Visiting our gainfully employed son

In late September 1983, Scott and I were awaiting the birth of our first child. My parents, anxious to see their first grandchild, were staying with us in our tiny, tiny University of British Columbia family housing unit. The former WW II hut was less than 40 feet x 40 feet – I’m not exaggerating! With four people, there was so little floor space, we had to turn sideways to get past each other.  Although in my case, as you can see below, turning sideways didn’t increase the amount of space available to pass by me!

The close quarters were made more uncomfortable by the fact that the much anticipated newborn was taking his time about making an appearance and it looked like my parents were never going to leave. The due date of September 25 came and went, and the little beast was not born until October 19 – forced out into the world by Caesearian section.

That event foreshadowed our parenting experience with Robin to date.  No rushing towards independence on Robin’s part as Scott and I waited with frustrated anticipation for far longer than we would have expected.

In August this year, Robin successfully completed his LL.M. That was after taking almost five years to complete his B.Com. and two years in Edinburgh to gain an LL.B., followed by a year converting his Scottish law degree to an English law degree and another year working on an English legal professional programme, which was then followed by his condensed master’s degree studies.  Now, in September 2010, after almost twenty seven years since his birth, costs too numerous to tally and many unheeded words of advice from his parents, Robin finally started working in a paid position.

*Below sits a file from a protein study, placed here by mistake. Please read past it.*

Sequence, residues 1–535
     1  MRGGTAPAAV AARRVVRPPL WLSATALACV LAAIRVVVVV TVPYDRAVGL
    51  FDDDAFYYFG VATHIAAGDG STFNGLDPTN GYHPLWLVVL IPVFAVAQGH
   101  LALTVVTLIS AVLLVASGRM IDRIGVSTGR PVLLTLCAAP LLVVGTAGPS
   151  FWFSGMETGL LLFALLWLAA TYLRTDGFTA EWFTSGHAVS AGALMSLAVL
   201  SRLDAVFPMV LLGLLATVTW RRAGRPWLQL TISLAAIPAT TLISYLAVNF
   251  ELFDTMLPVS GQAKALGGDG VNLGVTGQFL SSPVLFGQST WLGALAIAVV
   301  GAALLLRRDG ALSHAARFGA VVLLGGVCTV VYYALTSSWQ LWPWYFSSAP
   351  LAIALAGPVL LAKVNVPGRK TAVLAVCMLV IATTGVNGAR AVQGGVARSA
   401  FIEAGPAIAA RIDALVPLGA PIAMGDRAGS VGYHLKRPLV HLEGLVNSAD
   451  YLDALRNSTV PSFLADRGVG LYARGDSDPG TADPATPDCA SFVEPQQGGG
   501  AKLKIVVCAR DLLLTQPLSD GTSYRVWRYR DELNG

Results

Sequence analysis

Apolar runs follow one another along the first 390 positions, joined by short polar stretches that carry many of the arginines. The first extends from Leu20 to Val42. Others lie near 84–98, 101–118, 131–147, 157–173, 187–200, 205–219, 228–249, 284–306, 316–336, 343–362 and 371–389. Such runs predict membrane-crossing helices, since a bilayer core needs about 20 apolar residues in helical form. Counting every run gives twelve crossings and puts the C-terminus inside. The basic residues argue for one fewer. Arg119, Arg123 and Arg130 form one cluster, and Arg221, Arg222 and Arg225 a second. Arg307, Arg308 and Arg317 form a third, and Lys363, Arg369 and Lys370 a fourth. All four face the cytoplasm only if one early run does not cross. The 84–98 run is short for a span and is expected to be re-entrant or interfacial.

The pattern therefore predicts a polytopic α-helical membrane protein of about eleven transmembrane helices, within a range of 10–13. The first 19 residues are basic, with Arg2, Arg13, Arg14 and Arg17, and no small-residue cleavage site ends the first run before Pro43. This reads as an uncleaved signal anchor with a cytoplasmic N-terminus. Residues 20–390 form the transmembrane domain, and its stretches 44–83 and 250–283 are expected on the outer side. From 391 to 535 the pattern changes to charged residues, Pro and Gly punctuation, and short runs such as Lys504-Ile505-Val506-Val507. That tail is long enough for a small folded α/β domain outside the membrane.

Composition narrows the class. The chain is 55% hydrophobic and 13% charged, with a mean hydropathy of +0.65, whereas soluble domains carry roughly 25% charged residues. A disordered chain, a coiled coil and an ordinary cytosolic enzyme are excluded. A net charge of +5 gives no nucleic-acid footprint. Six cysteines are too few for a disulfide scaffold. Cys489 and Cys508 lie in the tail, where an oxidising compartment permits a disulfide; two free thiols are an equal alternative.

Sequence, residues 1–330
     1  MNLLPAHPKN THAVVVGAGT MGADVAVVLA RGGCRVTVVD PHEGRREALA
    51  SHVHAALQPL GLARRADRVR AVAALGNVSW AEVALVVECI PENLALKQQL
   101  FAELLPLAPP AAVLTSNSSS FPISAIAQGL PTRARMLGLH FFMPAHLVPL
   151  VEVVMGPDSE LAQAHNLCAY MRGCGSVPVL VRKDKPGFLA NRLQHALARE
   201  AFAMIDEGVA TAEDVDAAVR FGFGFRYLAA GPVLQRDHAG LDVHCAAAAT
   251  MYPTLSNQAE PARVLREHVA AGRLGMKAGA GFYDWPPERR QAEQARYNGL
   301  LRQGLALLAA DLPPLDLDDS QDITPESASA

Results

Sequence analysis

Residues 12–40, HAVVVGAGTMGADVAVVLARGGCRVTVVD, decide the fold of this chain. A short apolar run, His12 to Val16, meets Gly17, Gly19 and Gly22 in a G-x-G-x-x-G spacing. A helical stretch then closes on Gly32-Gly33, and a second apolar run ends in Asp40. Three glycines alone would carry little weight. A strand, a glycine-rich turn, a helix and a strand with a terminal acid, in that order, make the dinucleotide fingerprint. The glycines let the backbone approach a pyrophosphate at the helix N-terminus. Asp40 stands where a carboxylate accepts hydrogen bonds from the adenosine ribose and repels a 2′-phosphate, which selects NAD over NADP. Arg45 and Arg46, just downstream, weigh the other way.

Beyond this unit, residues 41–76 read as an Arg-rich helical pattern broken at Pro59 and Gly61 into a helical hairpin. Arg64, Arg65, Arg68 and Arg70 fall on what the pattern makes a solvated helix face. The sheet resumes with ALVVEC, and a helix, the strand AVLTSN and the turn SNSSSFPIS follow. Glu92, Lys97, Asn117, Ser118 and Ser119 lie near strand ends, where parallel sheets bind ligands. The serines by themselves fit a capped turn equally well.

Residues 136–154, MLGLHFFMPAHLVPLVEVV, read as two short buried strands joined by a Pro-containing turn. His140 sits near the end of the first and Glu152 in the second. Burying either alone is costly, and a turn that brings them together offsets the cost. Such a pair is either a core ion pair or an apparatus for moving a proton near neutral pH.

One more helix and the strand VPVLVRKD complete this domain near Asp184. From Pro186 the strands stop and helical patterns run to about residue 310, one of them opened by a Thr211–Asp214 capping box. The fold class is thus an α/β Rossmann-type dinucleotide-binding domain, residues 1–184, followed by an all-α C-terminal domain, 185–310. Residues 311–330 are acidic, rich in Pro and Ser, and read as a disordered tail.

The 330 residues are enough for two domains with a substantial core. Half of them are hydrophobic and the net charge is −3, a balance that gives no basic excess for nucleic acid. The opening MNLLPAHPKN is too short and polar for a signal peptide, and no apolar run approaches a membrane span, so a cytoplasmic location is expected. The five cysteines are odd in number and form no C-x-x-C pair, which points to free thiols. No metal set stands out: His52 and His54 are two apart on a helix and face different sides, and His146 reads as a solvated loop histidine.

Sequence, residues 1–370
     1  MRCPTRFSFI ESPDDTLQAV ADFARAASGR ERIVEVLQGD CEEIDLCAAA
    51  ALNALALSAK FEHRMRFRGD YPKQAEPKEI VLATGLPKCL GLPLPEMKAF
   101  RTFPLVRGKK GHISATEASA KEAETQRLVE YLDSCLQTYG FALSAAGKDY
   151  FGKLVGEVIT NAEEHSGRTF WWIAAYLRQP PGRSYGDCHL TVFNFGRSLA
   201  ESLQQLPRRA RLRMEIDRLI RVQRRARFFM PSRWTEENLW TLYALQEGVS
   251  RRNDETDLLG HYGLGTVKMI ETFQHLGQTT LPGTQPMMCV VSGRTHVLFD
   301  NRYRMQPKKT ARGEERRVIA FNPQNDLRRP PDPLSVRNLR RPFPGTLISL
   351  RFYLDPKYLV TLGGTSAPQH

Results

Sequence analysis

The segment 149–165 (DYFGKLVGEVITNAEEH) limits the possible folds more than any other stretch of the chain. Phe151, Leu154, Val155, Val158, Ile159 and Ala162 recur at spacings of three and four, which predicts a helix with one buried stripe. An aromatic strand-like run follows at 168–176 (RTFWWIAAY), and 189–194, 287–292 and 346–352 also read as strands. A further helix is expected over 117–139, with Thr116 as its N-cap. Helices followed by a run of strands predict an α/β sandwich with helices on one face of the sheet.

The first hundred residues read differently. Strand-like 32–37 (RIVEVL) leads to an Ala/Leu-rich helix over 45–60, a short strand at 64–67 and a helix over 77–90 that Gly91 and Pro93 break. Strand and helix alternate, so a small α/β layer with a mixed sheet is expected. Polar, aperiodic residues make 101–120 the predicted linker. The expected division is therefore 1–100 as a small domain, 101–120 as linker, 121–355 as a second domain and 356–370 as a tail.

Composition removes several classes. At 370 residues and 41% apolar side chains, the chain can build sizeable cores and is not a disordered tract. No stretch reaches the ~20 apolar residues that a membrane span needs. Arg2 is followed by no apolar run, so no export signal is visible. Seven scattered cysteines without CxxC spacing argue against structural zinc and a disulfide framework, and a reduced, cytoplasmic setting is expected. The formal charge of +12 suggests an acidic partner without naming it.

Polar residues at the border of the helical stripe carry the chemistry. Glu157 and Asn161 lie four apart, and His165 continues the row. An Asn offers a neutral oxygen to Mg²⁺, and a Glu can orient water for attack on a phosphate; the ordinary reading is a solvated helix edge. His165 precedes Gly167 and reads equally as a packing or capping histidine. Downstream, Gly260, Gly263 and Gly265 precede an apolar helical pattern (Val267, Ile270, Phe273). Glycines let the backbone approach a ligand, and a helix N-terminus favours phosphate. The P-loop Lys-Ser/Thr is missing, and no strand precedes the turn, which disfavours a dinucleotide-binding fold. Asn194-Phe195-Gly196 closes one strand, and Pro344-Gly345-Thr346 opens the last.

To become a lawyer in England, in Robin’s case, a solicitor, he has to perform two years of a training contract with a law firm. As a “trainee”, he isn’t in the high income bracket, but he is earning a salary from a large and well respect London law firm, which will pay for all his (reasonable) living expenses — no small feat given the cost of living in London. And to the delight of his parents, the end of requests for cash should cease, at least, cease to be made on a regular basis.

Ashurst building in London

So, Scott and I take off today to see how Robin is faring after his first few weeks of work at his firm, Ashurst. We’re hoping he won’t yet be too busy to spend time with us on the weekends when we will be in London. And while he works during the week, we’ll be visiting Bath and for the second week, Bordeaux. We’re looking forward to attending theatre, watching an English Premier League football match, viewing some architecture, visiting museums, imbibing some wine (okay, a lot of wine), savouring some good food and best of all, seeing a gainfully employed son.

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